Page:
[December 8, 2017] In 1784, Robert Burns wrote in a poem1 that “Man’s inhumanity to man causes countless thousands to mourn.” His inspiration was based on his own poverty in which he lived. It is poetic, in a sense, that we use his words to describe the horrific genocide perpetrated against the Armenian peoples in the early 20th Century and first documented by Armin T. Wegner. So … who was Armin Wegner?
Wegner was a German who enrolled as a medic during World War I and served in what is now the country of Turkey. In the winter of 1914-15 he took hundreds of photographs of Armenians being deported and starving in northern Syrian camps, in the deserts of Deir-er-Zor, and other nearby parts of the region.
“I venture to claim the right of setting before you these pictures of misery and terror which passed before my eyes during nearly two years, and which will never be obliterated from my mind.” – Armin T. Wegner, German soldier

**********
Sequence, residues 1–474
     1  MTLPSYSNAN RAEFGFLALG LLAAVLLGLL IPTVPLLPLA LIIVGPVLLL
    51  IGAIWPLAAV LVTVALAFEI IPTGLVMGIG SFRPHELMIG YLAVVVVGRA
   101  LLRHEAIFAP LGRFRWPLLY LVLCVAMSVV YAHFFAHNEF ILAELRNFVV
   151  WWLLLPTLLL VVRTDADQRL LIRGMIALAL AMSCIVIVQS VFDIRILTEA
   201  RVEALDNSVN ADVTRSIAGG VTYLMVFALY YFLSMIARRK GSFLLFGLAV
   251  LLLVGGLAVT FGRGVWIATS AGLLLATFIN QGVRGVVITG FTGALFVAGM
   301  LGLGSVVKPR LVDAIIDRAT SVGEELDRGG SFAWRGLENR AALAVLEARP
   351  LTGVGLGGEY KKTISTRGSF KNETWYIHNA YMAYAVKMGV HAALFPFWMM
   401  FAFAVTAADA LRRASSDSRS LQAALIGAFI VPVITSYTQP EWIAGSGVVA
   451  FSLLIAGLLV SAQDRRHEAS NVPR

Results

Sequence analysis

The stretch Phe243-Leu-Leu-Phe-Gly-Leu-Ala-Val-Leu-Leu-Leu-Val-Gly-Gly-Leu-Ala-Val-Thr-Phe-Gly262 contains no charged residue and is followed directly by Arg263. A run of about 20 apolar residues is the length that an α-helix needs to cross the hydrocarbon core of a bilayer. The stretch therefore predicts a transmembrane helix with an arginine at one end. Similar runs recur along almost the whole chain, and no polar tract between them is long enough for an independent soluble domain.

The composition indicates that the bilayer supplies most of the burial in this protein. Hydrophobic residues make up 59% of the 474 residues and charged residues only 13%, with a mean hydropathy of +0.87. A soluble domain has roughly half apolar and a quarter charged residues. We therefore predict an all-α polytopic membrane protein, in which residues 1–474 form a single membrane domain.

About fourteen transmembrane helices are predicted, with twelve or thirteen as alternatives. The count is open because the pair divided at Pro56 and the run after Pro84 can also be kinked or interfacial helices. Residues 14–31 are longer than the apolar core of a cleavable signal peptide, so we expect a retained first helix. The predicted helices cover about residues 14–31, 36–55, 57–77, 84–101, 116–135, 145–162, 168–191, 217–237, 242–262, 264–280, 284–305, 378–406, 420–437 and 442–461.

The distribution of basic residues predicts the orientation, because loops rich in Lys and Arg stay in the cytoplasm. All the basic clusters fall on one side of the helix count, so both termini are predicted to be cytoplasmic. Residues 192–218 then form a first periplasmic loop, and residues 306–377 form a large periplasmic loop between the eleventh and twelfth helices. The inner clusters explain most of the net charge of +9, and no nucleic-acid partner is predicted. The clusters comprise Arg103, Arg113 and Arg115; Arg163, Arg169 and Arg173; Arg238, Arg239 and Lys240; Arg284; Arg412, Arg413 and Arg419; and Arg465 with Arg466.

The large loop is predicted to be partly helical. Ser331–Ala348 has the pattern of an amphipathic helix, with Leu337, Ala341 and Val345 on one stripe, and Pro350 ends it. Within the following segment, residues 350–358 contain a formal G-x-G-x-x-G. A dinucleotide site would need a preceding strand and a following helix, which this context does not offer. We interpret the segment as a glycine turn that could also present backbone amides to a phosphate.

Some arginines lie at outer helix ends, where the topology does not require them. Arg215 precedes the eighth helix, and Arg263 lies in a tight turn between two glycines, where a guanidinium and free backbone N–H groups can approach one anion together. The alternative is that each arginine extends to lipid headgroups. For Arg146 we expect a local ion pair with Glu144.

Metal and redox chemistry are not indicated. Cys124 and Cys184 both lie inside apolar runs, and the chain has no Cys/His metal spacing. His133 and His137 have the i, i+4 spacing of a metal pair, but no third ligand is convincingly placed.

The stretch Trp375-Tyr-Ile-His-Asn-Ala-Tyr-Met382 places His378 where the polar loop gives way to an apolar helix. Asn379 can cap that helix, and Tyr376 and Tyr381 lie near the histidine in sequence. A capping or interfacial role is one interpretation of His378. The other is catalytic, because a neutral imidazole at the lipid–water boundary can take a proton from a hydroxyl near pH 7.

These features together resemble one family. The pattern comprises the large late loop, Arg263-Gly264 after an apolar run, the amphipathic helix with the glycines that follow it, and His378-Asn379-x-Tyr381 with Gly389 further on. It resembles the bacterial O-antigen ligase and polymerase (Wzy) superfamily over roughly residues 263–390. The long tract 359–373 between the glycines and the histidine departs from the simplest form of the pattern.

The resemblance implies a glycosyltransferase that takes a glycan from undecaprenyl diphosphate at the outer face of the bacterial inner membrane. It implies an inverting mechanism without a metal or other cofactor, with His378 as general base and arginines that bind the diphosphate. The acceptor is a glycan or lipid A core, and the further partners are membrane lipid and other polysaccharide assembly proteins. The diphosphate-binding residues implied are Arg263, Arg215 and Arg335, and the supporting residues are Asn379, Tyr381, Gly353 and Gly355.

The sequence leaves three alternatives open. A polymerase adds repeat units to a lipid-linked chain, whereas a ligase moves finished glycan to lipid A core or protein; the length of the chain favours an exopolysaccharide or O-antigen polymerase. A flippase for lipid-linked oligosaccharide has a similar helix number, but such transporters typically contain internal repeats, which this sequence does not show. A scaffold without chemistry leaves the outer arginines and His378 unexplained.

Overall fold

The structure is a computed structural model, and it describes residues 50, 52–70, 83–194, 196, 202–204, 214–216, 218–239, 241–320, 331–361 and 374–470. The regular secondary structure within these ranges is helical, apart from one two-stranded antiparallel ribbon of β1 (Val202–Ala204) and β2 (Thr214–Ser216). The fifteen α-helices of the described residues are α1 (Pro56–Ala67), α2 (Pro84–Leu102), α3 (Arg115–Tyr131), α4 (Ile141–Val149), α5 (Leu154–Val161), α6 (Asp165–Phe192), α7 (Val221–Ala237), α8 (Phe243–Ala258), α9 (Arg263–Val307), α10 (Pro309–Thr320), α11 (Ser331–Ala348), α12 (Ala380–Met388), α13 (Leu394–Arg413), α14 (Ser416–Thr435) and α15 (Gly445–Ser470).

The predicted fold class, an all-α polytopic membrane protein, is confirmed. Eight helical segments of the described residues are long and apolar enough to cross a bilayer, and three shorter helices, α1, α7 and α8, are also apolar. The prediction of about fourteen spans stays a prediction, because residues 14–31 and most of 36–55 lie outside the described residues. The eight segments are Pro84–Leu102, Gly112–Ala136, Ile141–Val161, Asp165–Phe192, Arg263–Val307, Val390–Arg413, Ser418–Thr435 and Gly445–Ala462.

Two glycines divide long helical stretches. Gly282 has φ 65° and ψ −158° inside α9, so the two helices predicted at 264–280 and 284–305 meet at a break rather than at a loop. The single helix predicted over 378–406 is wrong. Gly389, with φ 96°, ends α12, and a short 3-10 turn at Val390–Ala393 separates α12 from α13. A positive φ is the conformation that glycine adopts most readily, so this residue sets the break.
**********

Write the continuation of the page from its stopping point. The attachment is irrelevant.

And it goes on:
Because his photos strained the already weak German-Turkish alliance (one which was already being torn apart due to the sensitivity of the Armenian issue), Wegner was arrested by the Germans and recalled to Germany. He was warned not to risk the alliance. Failing to gain cooperation from his own government, Wegner protested against the atrocities in an open letter to U.S. President Woodrow Wilson.
In 1919, Wegner published Der Weg ohne Heimkehr (The Road of No Return), a collection of letters he had written during, what he deemed, the “martyrdom of the Armenians.2 A summary version of these can be found in a search of the web (see link for Armin T Wegners Letters and Diary of 1915-1916). It is indeed an awakening to the plight of those caught in the crossfire of the failed Ottoman Empire and modern Turkey.
It is interesting to note the continued sensitivity of this issue. Although the term “genocide” did not exist at that time, recently U.S. President Barack Obama avoided using the proper terminology of genocide during his eight years in office when referring to the Armenians. Interestingly, the Armenian genocide has been called the first holocaust.
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